What are the gaps in our memories, and how do we become aware of them? These questions gnawed at Madeline A. Stratton as she tried to conjure up images of her childhood bedroom, playroom, and kitchen many years later. She found that certain things stood out while others were existed in a haze or were entirely absent. “I’m interested in what our brains chooses to remember,” she said. “What gets fuzzy or what we make up.”
How to fill a space with nothing more than a lingering shadow? Stratton, who has been experimenting with sculpture-as-wall-protrusions, decided to flesh out her memories through multimedia wall hangings using a combination of painting, textile, and sculptured silhouette. “It started as an exercise: what can I actually remember without photographs?” she says. “I sketch them out, and then the colors are based on objects that existed in the space.” If she thinks that there was a blue throw pillow in a room, for example, she might paint one of the walls blue—a suggestion, or an echo.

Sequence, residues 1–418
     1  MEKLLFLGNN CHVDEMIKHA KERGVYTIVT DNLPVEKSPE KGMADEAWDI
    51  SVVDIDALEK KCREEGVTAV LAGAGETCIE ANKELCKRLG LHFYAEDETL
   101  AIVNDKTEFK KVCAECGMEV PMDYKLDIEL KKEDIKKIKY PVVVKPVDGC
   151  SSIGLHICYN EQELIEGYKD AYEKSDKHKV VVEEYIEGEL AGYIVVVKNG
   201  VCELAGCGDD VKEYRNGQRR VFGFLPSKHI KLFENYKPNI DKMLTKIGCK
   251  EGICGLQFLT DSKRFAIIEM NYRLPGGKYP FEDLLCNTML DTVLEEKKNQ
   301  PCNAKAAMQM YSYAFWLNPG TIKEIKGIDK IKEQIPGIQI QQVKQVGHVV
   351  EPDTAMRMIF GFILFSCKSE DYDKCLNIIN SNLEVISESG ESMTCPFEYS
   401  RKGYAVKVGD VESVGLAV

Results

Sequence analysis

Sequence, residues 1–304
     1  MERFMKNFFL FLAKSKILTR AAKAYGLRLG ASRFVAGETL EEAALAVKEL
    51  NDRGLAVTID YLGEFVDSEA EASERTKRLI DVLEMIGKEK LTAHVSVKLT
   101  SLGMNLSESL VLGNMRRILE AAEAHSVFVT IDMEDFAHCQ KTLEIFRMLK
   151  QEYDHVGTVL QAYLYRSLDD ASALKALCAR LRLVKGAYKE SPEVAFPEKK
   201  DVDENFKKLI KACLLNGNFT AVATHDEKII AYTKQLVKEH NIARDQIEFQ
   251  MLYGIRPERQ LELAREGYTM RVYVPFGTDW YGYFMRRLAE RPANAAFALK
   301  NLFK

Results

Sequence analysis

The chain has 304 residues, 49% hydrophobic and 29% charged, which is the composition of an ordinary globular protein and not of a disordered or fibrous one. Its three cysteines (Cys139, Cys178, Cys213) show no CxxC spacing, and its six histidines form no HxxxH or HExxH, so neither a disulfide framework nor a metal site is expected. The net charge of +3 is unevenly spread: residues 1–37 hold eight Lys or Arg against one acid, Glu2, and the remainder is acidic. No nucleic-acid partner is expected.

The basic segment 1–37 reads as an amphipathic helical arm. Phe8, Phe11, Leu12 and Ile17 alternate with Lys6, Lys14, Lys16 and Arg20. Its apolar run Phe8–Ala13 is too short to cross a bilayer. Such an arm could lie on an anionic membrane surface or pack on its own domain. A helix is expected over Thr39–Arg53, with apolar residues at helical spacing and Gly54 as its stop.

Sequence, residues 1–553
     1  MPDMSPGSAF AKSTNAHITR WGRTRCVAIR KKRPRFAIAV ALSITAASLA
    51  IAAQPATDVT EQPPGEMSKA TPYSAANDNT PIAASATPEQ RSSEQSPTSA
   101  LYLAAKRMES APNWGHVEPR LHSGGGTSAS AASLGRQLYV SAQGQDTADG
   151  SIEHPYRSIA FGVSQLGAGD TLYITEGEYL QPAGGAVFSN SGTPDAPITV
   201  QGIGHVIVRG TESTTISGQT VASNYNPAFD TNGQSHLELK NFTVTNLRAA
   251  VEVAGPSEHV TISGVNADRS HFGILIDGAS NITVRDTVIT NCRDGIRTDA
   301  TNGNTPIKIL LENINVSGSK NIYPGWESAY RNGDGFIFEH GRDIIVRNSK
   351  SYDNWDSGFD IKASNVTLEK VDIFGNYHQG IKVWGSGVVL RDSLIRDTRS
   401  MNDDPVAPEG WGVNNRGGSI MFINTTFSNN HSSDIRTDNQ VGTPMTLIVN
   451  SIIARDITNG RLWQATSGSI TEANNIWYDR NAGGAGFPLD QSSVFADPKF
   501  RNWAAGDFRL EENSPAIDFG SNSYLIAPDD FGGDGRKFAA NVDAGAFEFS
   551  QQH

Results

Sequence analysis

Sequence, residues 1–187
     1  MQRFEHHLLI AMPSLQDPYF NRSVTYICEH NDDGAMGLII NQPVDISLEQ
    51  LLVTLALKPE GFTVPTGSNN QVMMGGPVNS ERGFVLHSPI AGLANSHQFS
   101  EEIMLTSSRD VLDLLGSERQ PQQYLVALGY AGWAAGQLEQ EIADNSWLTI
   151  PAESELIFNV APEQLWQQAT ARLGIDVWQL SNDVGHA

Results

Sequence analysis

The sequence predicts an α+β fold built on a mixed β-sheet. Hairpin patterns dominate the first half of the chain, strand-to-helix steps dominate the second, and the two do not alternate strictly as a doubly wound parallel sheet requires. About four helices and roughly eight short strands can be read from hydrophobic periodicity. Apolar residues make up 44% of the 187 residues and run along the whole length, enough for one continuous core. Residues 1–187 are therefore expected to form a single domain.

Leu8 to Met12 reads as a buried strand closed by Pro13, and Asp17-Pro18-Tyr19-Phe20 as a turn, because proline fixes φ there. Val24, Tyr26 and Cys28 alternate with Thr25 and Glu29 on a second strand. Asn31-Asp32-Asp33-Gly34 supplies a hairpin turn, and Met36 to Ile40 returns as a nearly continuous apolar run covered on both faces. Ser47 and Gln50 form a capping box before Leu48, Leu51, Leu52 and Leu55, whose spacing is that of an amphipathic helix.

In the center of the piece resides the nexus of these memories: a knickknack or a piece of furniture that was significant to her. Stratton hand stitches the outline of the object—a chair or a telephone perhaps—onto tulle, which allows for it to project onto the wall behind the work. “I want the space that they’re displayed in to be a part of the piece,” she says. “That play of the shadow behind them is really important.”
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